Berlin to limit sensitive military tenders to German firms

File photo. The submarine U 36 of the German Navy (Bundesmarine) returns from the Joint Warrior military exercise and different joint operations with the Norwegian navy to its home port Eckernfoerde, northern Germany, 7 June 2019. [David Hecker/EPA/EFE]

Angela Merkel’s government said on Wednesday (12 February) it would restrict tenders for the procurement of sensitive weapon systems to German companies, a protectionist measure by a chancellor who has come out strongly against such barriers.

In a strategy paper that takes effect immediately, the government said it would extend the remit of existing rules to include naval vessels and electronic warfare technologies.

Until now, the government had only limited tenders for submarines to German defence companies. The expanded strategy is partly designed to make the local defence sector more competitive.

The draft stipulates that, if German defence contractors fail to meet the requirements of the German armed forces, tenders will be opened to rivals from the European Union.

“We want to sustain and support the development of core defence capabilities that are of strategic relevance in German as well as in the EU,” said Economy Minister Peter Altmaier.

On Tuesday, lawmakers from German Chancellor Angela Merkel’s ruling conservatives backed a proposal to restrict foreign vendors of 5G mobile network technology, sources said, to address the concerns of critics who see the market leader, China’s Huawei, as a threat to national security.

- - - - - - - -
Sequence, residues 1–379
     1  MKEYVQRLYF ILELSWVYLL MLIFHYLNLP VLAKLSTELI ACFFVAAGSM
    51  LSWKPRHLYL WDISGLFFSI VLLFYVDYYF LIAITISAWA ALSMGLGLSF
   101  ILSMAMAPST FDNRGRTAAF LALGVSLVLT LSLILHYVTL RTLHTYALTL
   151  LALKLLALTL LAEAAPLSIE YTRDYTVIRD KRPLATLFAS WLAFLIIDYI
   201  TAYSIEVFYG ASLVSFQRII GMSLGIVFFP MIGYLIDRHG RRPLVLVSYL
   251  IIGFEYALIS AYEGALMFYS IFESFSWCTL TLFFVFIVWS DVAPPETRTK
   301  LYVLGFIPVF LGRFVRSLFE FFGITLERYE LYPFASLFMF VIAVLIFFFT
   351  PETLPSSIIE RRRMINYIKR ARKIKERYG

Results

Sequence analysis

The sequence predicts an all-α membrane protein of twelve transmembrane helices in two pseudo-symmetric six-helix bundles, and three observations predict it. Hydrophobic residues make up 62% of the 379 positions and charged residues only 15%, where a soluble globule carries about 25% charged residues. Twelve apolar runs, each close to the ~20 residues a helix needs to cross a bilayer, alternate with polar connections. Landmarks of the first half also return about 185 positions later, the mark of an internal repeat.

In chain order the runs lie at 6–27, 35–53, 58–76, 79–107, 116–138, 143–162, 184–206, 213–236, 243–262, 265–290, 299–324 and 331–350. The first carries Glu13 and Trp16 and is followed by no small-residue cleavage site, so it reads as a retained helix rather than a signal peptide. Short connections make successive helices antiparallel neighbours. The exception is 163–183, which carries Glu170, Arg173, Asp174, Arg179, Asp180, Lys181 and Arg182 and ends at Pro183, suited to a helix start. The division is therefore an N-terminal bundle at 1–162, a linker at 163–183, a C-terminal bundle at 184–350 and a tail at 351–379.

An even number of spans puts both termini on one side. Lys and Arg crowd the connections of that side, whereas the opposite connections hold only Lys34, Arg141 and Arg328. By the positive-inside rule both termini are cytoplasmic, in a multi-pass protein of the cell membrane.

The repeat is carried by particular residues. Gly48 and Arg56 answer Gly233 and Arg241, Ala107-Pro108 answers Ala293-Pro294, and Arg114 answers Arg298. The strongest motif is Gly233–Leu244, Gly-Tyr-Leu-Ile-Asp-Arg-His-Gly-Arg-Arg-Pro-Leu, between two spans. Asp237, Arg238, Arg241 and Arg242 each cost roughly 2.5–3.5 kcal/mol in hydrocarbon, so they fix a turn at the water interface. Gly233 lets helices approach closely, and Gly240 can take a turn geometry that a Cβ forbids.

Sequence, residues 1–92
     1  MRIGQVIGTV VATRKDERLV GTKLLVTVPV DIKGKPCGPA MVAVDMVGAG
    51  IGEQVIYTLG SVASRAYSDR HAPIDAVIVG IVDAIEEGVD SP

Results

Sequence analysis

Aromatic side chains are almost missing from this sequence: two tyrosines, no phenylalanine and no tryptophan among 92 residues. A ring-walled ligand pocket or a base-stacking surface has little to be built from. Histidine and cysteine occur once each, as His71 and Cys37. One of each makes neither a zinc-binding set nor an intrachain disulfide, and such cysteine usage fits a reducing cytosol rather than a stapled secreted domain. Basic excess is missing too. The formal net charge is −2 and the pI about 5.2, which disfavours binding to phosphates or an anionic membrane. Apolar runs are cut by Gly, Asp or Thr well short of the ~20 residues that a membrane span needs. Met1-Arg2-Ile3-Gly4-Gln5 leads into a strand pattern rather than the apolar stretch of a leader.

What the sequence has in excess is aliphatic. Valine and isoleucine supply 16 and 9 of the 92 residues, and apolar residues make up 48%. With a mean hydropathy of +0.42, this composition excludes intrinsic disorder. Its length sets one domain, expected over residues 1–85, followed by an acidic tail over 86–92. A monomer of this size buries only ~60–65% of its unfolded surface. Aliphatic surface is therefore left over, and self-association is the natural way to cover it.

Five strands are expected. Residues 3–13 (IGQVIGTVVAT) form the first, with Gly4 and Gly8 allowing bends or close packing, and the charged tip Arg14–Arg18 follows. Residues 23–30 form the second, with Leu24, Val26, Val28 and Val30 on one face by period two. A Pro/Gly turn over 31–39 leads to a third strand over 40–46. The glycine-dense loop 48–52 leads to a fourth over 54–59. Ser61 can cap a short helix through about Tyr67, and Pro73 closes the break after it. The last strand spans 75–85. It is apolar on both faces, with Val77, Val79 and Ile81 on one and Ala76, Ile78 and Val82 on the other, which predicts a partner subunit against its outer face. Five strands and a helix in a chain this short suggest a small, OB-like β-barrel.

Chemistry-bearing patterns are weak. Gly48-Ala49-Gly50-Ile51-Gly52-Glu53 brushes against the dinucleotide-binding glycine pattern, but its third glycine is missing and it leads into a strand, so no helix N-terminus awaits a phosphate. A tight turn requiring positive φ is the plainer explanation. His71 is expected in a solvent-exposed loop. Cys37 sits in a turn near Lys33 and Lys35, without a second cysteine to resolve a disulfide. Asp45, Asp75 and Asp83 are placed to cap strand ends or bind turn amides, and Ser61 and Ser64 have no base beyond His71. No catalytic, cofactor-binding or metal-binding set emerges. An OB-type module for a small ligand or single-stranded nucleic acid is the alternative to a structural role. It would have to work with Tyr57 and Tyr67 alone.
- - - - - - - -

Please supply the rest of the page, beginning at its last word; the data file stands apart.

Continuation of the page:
Under pressure from US President Donald Trump, Germany plans to reach a defence spending allocation agreed by the NATO military alliance belatedly in 2031, missing a 2024 target.

NATO leaders agreed in 2014, after Russia’s annexation of Ukraine’s Crimean peninsula, to spend the equivalent of 2% of their economic output on defence by 2024.

Only seven NATO countries currently meet or exceed that target – the United States, Britain, Greece, Poland and the three Baltic states – Latvia, Lithuania and Estonia. Bulgaria says it has met the target for 2019, when it paid for the delivery of eight F-16 fighter jets.

The German army is set to issue a tender for two tank ships, which under the new rules would be built by German shipyards.

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